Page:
Of course, John also told Schroeder about his life with Sandy, their travels and their times in Paris. One of the only times John would become frustrated with him was when Schroeder pressed him to write some of these stories down. “I constantly pursued him to write his memoirs about him and Sandy,” he says. “I felt he had an obligation to write their beautiful love story for young people to read.” But John constantly refused. “They didn’t think about rocking the boat,” Schroeder says. “They just thought everyone should live their lives.”
Despite the fact that I’ve spent over a year learning and thinking about these men, the truth of them will always feel just out of reach. Without reading or hearing an account of their lives in their own words, it’s impossible to know exactly how they felt about being gay, about the broader queer movement, or about their place in the world. In this way, John and Sandy are a bit like a blank slate for my own ideas and projections. At the same time, my fixation with their story—what they did and didn’t do—has forced me to sit with the responsibility I have to future generations of queer people, and examine the way my own story fits within the expanse of history.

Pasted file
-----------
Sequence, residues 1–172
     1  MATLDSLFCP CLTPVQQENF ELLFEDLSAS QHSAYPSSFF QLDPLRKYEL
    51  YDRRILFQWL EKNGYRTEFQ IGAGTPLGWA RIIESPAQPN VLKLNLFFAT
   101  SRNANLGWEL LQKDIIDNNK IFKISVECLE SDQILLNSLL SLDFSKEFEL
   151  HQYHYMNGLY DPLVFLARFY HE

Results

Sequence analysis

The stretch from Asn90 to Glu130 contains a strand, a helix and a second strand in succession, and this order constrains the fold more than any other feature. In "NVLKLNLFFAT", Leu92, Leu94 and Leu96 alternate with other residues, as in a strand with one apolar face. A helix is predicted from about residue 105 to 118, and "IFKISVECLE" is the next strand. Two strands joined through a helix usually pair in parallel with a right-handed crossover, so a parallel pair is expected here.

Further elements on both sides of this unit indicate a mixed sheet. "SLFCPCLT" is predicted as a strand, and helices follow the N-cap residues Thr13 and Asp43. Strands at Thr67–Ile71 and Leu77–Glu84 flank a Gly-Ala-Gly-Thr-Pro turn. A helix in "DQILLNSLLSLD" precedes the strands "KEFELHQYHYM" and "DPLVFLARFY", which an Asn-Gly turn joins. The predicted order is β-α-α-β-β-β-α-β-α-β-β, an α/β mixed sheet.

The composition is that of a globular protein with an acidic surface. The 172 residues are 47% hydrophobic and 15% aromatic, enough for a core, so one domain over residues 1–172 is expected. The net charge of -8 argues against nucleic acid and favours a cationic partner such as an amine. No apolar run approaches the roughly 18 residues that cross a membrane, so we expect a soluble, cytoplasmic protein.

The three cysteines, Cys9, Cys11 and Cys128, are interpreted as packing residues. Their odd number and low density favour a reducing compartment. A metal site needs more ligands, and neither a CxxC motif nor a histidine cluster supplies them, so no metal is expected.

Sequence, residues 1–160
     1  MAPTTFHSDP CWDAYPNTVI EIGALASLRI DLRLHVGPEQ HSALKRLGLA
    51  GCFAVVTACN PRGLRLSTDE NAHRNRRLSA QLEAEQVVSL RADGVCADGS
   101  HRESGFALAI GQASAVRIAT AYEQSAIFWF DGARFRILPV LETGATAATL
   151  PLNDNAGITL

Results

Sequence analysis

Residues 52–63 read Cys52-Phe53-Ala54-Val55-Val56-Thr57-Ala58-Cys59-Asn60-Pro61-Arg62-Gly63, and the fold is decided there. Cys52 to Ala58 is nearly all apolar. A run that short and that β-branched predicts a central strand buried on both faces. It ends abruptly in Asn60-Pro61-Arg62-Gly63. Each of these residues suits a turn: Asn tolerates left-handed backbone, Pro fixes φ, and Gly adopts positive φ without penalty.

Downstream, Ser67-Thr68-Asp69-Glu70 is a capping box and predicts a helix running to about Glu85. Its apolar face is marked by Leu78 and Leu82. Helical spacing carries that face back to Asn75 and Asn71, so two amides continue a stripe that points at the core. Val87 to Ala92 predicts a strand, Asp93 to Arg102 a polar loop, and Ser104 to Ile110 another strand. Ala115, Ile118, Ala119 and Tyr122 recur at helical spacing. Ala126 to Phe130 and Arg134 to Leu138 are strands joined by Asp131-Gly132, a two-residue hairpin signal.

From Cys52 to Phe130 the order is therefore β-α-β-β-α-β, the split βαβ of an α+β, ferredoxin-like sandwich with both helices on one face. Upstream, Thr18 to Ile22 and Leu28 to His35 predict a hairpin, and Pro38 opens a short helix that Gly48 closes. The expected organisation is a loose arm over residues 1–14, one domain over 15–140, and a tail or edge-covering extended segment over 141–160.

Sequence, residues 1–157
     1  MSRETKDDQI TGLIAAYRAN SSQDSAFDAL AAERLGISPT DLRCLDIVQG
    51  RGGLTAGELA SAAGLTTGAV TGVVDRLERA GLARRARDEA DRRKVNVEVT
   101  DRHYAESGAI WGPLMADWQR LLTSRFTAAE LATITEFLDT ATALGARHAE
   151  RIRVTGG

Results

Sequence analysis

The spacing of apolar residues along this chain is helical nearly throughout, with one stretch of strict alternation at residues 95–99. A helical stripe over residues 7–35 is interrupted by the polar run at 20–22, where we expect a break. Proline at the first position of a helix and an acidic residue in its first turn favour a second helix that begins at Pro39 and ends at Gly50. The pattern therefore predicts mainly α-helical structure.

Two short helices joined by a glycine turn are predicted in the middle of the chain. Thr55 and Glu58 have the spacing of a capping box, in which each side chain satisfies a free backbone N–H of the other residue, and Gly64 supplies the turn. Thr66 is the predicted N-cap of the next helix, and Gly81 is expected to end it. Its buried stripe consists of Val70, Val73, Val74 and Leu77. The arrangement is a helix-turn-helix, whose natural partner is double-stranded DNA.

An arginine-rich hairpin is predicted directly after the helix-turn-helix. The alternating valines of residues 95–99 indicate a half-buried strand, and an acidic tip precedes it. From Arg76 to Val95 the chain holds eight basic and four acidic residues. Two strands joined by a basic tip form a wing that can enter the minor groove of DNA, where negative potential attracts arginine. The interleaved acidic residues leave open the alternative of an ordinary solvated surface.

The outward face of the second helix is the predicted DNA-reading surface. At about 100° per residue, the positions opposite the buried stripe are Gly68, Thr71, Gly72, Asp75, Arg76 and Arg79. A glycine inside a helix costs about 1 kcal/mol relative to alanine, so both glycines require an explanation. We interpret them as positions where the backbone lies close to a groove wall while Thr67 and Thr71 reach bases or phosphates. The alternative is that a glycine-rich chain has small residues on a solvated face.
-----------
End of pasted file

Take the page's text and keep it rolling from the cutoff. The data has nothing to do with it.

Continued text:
David S. Churchill, the University of Manitoba historian, cautions against “romanticizing” the past or “vilifying” it on the other extreme. Instead, he encourages a more nuanced reading of history that sees people, and what they face, in complicated ways, rather than falling into the trap of looking at them as one-dimensional characters. He says John and Sandy have been brought up a number of times in his conversations with people of their generation in Winnipeg. Despite their relative privacy, many queer people in the city seem to know about them and the long life they had together.
Churchill had heard about their dinner parties, but never had the chance to meet them in person, which he says he “regrets immensely.” He says that John and Sandy were “exceptional” for how early and for how long they lived together. Churchill adds that his friendships with other people of their generation have been “enormously rewarding” for how they’ve illuminated different ways of moving through the world as a queer person.
Maybe that’s what I was really looking for in John and Sandy’s story—not some perfect representation of how to live as a gay man, but any representation at all. As queer people, we already have so few role models from their generation. So many of our elders and the stories they carried have already been lost, whether to HIV/AIDS, to violence, to suicide, or to shame and secrecy.